• Michael Albert

Teaching Kids the Classics from Home

A Resource for Parents and Grandparents: Introducing Children to Classical Music

Being stuck at home for an extended period of time has been difficult on everyone, but parents and caregivers of small children have had a particularly tough time during quarantine. Balancing work, stress, and major disruptions to daily routines on top of taking care of kids has not been an easy adjustment!

With schools, daycare centres, and summer camps shut down all over the world, many of us have put on the hat of primary educator, brushing up on everything from fractions to parts of speech, and above all, trying to find fun ways to keep at-home lessons from growing stale. While all of that can be tremendously overwhelming, it’s also an opportunity to get creative and introduce the kids in your life to areas that are important to you that might not normally be covered in the year’s curriculum.

You can probably guess what that important area is for us! We’ve assembled some simple ways to cultivate an appreciation for classical music from the comfort of home.

Listen

Even if you don’t consider yourself a classical music expert, you can easily explore five hundred years of music with the children in your life (and if they’re anything like the kids in my life, they’ll be teaching YOU how do that exploring!). Streaming services like Spotify or Youtube have thousands of curated playlists to comb through and find your new favourites. You’ll be surprised by how much music you all recognize from popular culture, but didn’t know anything about. When you’re listening to playlists together, if you come across a piece of classical music that sounds familiar, make a note of the composer. That way, you can continue exploring their music and uncover some of their lesser-known gems.

Explore

For many of us, some of our earliest encounters with classical music came to us courtesy of our friends from Sesame Street. The benchmark-setting children’s television show has been on the air for half a century, and over those fifty years, characters like Big Bird, Elmo, and Oscar the Grouch have welcomed countless stars of the classical music world to their neighbourhood.


Explore classic clips from Sesame Street for some fantastic (and funny) performances. Search “Sesame Street Classical Music” and you’ll find everyone from Yo Yo Ma to Gustavo Dudamel, to Renée Fleming. A generation of kids heard Carmen sing the "Habañera" for the first time from this fun-loving orange, and were introduced to another Carmen aria by Samuel Ramey.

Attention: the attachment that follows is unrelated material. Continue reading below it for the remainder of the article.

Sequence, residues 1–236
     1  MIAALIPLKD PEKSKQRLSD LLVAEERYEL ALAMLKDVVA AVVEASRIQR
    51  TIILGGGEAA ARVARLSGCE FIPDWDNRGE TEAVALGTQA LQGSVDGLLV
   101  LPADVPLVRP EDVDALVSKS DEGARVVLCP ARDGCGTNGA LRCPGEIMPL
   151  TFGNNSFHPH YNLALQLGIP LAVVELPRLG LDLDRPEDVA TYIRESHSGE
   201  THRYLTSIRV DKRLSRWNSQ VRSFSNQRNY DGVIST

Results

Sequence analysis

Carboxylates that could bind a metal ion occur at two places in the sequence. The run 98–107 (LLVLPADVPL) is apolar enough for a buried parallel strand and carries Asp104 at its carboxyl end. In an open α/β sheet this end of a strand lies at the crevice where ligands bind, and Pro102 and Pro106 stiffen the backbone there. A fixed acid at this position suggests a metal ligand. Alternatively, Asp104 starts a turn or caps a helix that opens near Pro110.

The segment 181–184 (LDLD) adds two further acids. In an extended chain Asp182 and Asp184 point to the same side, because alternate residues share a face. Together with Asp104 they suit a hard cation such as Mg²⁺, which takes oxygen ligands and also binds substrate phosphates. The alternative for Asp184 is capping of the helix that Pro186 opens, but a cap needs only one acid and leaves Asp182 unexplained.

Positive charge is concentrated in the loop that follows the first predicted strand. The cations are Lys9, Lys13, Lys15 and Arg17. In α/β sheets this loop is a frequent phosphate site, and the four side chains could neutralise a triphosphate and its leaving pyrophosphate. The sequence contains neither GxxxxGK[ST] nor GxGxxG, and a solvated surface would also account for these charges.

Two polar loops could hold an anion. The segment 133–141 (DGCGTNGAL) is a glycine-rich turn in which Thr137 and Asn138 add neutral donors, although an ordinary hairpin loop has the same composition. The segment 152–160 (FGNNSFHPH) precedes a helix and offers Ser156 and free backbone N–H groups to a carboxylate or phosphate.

Here’s one of our favourites, when pianist Lang Lang auditions for the Grouch Symphony Orchestra with a little Rachmaninoff and Liszt:




Imagine


Oftentimes, when children are stuck at home with nothing to do, they’ll retreat into their imaginations. That’s where classical music can come in handy. The stirring sounds of an orchestra can be the inspiration for imaginative flights of fancy. If you’re looking for an activity, pick a piece of classical music, and ask your child to imagine a story behind the song. The music might inspire a great work of creative writing, or a story they can tell their relatives on Zoom or FaceTime! Try Strauss’s Thunder and Lightning Polka or the Overture to Mendelssohn’s A Midsummer Night’s Dream.


Engage

Despite the fact that performance venues across the globe have been shuttered, the arts have never been more accessible. It wasn’t long after the shutdown of theatres and symphony halls that artists and arts organizations took to the Internet to share their work with audiences online. Renowned opera companies have dug into their video archives and shared live broadcasts of past productions. World-class orchestras have hosted live gala concerts featuring members playing their instruments from home. And on social media, symphonies have been continuing to host regular concerts for their devoted fans, and those just beginning to explore their love of classical music. Some of our favourite performances have been brought to us by the Glyndebourne Opera, the Vancouver Symphony Orchestra, and the Vienna State Opera.

The extra time we’re all spending at home can be an additional source of stress in a difficult time. But it can also be a chance to impart a love of the arts to the little ones in our lives. Even a little bit of classical music can brighten the dullest of days, relieve tension, and help us connect with our kids.

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